Having earned its reputation as the ‘spice bowl of the world’, India and its history of spices goes back many hundreds of years, with tribes from all over the globe invading India and attempting to take advantage of its rich natural wealth. From Assyrians, Babylonians, Romans, Egyptians, Arabians to the Chinese, British and Portuguese, all wanted to gain access to India’s very own crown jewels and most sacred of all treasures; spices.
Found thousands of years ago in the Vedas (Rig Veda, Yajurveda, Samaveda and the Atharvaveda), is the earliest documented record of Indian spices. With information typically passed down through the generations by word of mouth, during the Vedic period, hymns were used to convey messages of all different kinds, and the Rig Veda contains several references to a selection of spices. Black pepper is also referred to in the Yajurveda.
The history of Indian spices:
Spices have long played an important role in strengthening India’s economic condition; as far back as ancient and medieval ages, the trading of spices with other ancient civilizations has helped them thrive and prosper. With the difficulties of preserving food and its flavours all those hundreds and thousands of years ago, spices were in high demand.
Competition among the leading layers in the spice trade was fierce, and the fight eventually led to the colonization of India, with the Portuguese, Dutch, French, Spanish and British all establishing monopoly over certain elements of the spice trade. As a result of the demand for more food to feed growing civilizations, brutal conquests and piracy ensued, which ultimately led to the creation of The British East India Company and the modern spice trade.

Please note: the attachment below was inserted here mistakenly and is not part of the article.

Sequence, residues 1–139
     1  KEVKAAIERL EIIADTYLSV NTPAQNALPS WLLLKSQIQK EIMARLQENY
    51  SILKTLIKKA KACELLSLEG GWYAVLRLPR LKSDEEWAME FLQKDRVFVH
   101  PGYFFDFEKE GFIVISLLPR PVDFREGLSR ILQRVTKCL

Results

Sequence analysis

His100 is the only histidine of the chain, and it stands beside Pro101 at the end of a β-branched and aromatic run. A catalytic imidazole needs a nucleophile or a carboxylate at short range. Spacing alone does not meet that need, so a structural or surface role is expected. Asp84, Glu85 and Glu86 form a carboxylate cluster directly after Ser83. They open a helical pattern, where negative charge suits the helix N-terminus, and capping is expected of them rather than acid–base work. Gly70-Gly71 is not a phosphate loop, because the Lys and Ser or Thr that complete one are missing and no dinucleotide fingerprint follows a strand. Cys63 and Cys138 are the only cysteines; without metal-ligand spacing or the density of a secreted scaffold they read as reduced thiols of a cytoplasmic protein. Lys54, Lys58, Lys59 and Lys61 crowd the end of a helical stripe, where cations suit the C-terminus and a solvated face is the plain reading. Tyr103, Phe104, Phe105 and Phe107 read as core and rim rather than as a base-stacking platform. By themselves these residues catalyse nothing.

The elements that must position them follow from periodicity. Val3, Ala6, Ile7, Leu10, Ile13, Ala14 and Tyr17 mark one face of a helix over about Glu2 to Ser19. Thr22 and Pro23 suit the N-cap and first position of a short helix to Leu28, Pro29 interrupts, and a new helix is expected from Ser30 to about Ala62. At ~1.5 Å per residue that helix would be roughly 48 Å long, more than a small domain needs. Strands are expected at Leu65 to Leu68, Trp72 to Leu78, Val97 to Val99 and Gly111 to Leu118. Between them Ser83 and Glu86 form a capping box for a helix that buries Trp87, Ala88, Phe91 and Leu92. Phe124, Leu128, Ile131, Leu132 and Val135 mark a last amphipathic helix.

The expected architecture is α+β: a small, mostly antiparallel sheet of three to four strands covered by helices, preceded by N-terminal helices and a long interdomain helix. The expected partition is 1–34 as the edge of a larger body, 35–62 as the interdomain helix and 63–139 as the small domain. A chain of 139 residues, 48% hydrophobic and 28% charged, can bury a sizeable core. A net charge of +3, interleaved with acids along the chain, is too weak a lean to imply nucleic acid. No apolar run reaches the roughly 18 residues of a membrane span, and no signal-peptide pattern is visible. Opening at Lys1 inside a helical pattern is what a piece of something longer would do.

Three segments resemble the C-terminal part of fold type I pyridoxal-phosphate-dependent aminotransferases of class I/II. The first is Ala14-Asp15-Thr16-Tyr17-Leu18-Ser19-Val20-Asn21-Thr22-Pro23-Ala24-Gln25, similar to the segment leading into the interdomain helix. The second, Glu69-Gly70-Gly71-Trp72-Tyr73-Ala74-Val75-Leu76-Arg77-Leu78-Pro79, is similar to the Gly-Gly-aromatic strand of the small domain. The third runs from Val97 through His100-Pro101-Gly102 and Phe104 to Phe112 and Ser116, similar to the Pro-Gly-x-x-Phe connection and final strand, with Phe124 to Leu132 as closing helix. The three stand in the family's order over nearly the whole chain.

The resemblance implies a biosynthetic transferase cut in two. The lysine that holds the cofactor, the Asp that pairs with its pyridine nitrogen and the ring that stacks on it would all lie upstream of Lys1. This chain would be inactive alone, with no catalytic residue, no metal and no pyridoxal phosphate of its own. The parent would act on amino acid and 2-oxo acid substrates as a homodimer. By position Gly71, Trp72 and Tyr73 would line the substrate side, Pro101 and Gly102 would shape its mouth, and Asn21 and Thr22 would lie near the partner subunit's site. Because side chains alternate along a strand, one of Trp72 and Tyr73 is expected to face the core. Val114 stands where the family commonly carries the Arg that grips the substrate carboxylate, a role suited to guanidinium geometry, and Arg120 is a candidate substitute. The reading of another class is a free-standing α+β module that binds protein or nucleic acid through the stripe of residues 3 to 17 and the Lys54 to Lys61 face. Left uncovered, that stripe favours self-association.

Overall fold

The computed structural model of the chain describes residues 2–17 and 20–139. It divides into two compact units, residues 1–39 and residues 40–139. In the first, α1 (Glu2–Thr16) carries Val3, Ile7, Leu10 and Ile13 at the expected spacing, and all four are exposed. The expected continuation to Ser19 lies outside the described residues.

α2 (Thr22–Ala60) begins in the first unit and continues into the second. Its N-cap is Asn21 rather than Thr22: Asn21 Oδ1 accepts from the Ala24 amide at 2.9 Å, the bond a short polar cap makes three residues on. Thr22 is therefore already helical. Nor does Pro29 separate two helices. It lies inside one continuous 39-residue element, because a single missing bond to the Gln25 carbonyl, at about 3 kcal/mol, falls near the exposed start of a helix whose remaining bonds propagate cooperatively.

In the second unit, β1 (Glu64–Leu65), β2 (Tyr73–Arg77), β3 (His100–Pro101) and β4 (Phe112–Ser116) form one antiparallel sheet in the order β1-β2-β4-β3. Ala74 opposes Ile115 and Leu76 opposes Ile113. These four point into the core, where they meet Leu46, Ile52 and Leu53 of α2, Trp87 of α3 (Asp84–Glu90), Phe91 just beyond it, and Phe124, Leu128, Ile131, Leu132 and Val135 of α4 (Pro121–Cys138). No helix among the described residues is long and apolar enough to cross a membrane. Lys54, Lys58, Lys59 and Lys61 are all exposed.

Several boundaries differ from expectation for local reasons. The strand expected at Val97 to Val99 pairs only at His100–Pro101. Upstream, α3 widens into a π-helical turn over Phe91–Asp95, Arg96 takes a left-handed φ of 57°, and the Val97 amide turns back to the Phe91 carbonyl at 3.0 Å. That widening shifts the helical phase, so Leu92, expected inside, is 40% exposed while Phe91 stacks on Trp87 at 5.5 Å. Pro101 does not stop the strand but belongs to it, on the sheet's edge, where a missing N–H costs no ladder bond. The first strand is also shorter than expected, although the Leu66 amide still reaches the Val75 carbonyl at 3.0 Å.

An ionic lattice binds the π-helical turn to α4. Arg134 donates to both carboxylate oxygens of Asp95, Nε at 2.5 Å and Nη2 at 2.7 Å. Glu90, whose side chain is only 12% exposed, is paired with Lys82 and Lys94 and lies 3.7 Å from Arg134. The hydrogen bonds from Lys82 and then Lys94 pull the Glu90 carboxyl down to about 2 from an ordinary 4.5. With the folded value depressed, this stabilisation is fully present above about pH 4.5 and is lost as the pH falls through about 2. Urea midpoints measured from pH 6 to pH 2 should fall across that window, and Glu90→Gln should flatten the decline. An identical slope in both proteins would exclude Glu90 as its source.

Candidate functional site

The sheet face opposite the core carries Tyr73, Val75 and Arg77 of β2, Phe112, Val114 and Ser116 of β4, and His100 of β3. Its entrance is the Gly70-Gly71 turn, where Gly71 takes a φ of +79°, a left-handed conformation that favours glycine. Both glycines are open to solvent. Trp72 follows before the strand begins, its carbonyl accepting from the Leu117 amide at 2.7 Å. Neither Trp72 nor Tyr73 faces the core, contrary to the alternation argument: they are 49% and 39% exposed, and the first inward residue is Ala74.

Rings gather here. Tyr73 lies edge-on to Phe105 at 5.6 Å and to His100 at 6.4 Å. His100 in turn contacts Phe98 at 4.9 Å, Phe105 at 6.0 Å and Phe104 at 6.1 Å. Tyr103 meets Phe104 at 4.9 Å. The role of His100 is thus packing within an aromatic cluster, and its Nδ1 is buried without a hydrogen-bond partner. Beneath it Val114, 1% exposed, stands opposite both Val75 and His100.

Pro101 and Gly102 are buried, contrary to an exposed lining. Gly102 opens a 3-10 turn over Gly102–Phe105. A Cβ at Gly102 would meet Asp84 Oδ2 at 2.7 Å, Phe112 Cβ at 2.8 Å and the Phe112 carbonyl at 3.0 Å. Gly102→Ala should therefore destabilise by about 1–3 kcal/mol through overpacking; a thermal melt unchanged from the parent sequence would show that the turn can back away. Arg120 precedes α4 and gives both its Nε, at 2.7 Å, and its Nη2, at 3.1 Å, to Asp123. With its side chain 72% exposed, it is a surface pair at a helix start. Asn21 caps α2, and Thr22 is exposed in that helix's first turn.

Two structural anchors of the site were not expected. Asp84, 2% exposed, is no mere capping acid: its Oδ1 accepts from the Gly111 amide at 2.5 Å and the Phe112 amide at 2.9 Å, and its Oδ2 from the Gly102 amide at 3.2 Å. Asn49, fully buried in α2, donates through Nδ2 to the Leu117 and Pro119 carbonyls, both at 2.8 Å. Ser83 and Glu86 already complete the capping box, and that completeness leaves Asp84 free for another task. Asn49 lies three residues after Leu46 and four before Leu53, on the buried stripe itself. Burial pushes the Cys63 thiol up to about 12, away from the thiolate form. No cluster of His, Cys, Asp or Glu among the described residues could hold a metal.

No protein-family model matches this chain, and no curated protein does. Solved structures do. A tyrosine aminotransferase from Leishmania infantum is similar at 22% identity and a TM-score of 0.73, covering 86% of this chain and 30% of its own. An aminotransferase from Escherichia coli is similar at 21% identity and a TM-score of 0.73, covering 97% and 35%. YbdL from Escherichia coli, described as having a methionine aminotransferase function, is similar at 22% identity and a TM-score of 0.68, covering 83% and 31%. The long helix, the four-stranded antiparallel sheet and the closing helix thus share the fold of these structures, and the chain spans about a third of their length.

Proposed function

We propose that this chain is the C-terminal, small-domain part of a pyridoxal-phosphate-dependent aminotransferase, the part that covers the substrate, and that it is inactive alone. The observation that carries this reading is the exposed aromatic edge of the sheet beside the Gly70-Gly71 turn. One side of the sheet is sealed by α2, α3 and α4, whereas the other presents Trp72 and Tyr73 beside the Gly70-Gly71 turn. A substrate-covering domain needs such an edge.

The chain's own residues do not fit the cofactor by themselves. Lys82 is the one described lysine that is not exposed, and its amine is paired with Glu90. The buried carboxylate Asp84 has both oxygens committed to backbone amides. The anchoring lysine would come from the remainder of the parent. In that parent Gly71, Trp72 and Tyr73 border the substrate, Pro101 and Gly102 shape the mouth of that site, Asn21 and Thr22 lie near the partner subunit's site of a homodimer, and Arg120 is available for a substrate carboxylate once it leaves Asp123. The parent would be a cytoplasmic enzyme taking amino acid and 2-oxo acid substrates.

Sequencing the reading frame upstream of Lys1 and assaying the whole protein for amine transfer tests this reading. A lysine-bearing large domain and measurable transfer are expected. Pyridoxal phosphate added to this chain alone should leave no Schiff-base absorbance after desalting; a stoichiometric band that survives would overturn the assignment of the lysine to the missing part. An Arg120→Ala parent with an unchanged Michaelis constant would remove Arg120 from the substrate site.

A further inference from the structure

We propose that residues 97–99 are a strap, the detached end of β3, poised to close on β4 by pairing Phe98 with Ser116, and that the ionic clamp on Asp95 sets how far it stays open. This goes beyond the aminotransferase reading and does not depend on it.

How were spices originally transported?
Thousands of years ago, the spice trade was dominated by the Arabs, and spices from countries like China, Indonesia, India and Sri Lanka were transported by land, using donkeys and camels in a caravan. Then, when a sea route to India was discovered, many sea voyages were carried out to obtain the precious spices and ship them back to Europe. Some famous historical names involved in the spice trade include Christopher Columbus, Ferdinand Magellan and Vasco da Gama. Records show that way back in 1498, the Portuguese explorer Vasco da Gama discovered Kozhikode on the south west coast of India after completing his travels around Africa, and returned to his native country with a hefty cargo of nutmeg, ginger, cinnamon, cloves and peppercorns.
Where are Indian spices grown?
There are a variety of regions throughout India in which spices continue to be grown to this day, and some of the terrains that they thrive in include mountains, wetlands and marshy woodlands, tropical rainforests, verdant valleys and lush, green fields.
The creation of the Spices Board of India:
To help cope with and better regulate the growing trade in spices, the Spices Board of India was established to administer trading, and several states, such as Kerala, Punjab, Uttar Pradesh and Gujarat became major spice growing hubs.
Used for flavouring food, as medicines, pharmaceuticals, perfumes and cosmetics, Indian spices continue to be sought after and highly prized, and trade in them is as popular now as it ever was.
There are many ways to purchase and sample Indian spices for yourself, or to stock your pantry if you’re running low, and online supermarkets are a great way of doing so from the comfort of your own home.